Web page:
[PHILADELPHIA, PA] — The threat of a pending Clean Water Act lawsuit by PennEnvironment and the Valley Forge Chapter of Trout Unlimited (VFTU) against Tredyffrin Township compelled state environmental regulators to take their own legal action against the Township, and to forge a legally binding plan to fix and replace an aging, failure-prone sewage pipeline.
The settlement includes a penalty of $110,500 against the Township, and is expected to resolve the repeated pipeline ruptures that have caused millions of gallons of untreated sewage to be illegally discharged into Valley Forge National Historical Park and Valley Creek.
“All along, PennEnvironment and Trout Unlimited have stated that our top priority is to see a comprehensive solution to the sewage pipeline ruptures plaguing Valley Forge and the Valley Creek, and not to see the inside of a courtroom,” said PennEnvironment Director David Masur. “The settlement with Pennsylvania DEP assesses an appropriate financial penalty for Tredyffrin’s ongoing environmental violations, and contains a pro-active plan for avoiding future sewage blowouts.”
On September 29, 2014, PennEnvironment and VFTU had sent the Township and state regulators a “60-day notice letter,” the formal notice of intent to sue that is required before private groups can enforce the federal Clean Water Act. 56 days later, the Pennsylvania Department of Environmental Protection (DEP) obtained judicial approval of a plan requiring Tredyffrin Township and its Municipal Authority to repair and replace the pipeline.
In the consent decree, Judge Jacqueline C. Cody of the Chester County Court of Common Pleas declared that Tredyffrin Township and the Tredyffrin Township Municipal Authority had violated the Pennsylvania Clean Streams Law during each of the three sewer line failures since 2012.
“After two years of increasingly severe sewage pipeline breaks, no emergency response plan other than ‘dump the sewage in the creek,’ and no plan to replace this aging pipeline, Trout Unlimited feels that we have once again fulfilled our role as environmental stewards by helping to drive this outcome,” said Pete Goodman, a former president of VFTU and local fisherman who has fished in Valley Creek for over 40 years.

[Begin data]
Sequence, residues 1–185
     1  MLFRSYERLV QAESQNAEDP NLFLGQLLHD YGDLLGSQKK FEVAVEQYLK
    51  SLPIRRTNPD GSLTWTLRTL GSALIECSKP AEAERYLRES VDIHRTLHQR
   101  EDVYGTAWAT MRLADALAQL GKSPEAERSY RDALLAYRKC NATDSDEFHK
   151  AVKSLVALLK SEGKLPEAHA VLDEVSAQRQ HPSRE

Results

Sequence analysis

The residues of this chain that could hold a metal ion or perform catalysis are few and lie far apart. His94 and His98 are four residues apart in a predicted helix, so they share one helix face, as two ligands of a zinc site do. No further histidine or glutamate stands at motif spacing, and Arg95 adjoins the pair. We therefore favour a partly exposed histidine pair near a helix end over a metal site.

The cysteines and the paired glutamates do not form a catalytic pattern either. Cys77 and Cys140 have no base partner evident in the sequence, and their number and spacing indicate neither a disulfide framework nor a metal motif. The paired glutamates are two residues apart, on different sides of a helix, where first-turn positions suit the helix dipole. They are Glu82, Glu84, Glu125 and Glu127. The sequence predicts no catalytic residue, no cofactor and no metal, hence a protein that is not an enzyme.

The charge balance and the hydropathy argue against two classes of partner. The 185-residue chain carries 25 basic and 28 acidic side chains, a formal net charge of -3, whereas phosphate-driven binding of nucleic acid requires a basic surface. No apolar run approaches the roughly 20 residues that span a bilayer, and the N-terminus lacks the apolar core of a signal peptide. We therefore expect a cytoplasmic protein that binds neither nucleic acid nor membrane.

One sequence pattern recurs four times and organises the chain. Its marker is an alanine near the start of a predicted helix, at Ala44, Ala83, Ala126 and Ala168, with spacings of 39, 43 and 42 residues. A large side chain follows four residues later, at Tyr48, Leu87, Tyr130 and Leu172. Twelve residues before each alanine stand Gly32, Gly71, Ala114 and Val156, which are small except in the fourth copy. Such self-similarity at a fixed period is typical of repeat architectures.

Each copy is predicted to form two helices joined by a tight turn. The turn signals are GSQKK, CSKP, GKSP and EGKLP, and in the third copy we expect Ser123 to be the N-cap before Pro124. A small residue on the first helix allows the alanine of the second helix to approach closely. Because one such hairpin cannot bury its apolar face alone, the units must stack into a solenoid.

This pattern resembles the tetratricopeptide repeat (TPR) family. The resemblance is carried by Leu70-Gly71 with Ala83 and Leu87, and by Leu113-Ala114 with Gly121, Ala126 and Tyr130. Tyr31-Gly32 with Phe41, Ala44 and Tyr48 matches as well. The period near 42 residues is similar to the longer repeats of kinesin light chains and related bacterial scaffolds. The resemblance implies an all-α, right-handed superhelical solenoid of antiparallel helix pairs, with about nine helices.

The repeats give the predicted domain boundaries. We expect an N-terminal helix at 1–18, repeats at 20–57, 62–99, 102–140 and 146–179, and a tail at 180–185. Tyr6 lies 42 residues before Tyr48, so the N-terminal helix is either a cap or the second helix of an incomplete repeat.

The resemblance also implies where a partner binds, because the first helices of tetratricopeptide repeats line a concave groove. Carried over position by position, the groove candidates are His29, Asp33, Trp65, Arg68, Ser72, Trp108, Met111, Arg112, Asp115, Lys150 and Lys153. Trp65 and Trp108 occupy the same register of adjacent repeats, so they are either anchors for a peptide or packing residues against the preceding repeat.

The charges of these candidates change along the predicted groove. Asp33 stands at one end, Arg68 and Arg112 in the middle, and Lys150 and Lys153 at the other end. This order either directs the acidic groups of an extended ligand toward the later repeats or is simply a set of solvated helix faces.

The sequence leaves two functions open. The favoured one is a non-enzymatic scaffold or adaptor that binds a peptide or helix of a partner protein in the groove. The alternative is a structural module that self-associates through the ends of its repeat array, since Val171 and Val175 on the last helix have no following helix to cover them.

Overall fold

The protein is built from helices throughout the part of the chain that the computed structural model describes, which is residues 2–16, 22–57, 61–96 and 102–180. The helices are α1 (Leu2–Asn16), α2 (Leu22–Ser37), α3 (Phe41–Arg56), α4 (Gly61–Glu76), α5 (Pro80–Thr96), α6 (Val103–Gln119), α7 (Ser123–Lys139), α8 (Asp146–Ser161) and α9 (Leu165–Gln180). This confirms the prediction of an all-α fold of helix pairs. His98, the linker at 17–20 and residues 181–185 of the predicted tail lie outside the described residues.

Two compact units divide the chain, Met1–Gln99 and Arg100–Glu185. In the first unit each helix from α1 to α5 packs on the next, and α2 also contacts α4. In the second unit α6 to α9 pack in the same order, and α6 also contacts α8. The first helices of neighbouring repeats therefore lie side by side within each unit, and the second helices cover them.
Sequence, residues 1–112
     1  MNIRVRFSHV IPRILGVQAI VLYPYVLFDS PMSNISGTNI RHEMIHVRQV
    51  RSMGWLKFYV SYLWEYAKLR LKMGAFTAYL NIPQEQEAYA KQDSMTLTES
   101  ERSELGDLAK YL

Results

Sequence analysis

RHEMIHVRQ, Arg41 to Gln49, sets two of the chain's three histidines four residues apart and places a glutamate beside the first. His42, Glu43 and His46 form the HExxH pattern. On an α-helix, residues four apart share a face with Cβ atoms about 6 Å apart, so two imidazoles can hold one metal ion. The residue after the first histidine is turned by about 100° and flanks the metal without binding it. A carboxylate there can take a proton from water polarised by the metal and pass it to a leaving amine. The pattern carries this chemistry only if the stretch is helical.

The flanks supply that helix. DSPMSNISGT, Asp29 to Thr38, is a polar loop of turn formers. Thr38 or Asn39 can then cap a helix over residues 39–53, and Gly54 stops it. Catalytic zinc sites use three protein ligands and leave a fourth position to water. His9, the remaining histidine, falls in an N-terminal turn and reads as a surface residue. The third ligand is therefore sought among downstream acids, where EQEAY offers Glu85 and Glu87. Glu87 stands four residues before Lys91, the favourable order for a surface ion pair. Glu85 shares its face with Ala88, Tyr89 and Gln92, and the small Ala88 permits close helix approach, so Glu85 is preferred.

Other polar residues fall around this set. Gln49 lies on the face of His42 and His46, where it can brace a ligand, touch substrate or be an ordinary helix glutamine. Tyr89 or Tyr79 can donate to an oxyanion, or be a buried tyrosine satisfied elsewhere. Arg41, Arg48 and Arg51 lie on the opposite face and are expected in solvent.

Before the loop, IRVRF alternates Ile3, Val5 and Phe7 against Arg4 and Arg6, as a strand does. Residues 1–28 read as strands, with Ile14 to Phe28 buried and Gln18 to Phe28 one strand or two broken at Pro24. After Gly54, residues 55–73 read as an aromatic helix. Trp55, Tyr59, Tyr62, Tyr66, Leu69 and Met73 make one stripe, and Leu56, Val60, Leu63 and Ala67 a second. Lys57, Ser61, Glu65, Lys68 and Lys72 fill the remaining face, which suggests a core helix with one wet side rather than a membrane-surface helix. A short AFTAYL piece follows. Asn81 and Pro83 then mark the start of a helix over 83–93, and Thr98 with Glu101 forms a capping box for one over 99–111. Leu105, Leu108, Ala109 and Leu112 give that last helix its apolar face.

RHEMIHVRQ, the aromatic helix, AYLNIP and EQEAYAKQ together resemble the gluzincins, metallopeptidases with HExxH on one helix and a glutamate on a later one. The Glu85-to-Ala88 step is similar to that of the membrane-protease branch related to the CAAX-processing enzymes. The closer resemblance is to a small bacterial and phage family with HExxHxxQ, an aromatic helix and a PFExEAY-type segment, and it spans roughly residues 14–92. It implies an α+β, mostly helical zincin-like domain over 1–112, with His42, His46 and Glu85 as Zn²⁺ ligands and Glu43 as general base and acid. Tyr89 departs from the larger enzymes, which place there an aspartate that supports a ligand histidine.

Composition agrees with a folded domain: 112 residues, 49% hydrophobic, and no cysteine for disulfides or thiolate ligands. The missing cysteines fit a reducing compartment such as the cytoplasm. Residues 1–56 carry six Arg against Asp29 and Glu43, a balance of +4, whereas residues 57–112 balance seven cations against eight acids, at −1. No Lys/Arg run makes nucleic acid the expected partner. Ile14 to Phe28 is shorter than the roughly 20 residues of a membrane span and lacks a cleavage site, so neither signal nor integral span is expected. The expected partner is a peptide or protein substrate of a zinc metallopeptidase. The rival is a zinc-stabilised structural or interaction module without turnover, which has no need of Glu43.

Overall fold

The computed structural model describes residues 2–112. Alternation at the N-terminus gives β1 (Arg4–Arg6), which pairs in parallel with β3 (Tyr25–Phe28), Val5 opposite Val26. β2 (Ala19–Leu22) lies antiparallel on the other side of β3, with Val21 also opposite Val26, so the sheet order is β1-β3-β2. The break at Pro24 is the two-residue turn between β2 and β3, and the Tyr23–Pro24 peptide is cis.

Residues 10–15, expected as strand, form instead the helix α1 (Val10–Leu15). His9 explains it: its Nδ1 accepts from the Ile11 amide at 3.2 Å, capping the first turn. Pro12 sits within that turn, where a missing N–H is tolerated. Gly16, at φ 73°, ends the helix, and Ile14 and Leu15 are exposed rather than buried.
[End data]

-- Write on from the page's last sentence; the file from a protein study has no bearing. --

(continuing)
The first leak from the sewer line occurred in early 2012, followed by two massive ruptures in 2014. During the pipeline ruptures in February and March 2014, Tredyffrin Township discharged approximately 21 million gallons of untreated sewage directly into Valley Creek, a tributary of the Schuylkill River that flows through the national park. Valley Creek has been designated as an “Exceptional Value” stream—the state’s highest water quality classification—by DEP, and as a “Class A wild trout stream” by the Pennsylvania Fish and Boat Commission.
Of the $110,500 penalty, $38,000 will be devoted to help fund the preparation of a stream bank stabilization and floodplain restoration design for 945 feet of the severely eroded stream bank of Valley Creek.
“One of the most effective aspects of the federal Clean Water Act is that it empowers local residents and citizen groups to take action when the local polluter and environmental regulators won’t,” stated Masur. “This case is a perfect example of how concerned citizens have the ability to achieve speedy and effective resolution of serious environmental problems.”
The consent decree includes a schedule requiring replacement of the pipeline, known as the “Valley Creek Trunk Sewer Force Main,” beginning in early 2016. Recent inspections of the 36-year-old pipeline have revealed areas of severe deterioration. The consent decree also requires the development of an emergency response plan in the event of another pipeline rupture that must be submitted to DEP by January 20, 2015. For each day the Township misses a specified deadline listed in the consent decree, the Township must pay an additional penalty of $100.
The Valley Forge Chapter of Trout Unlimited is dedicated to conserving, protecting and restoring coldwater fisheries and their watersheds.
The groups were represented by the Boston-based, non-profit National Environmental Law Center, which represent citizen groups across the country in actions to enforce the nation’s environmental laws.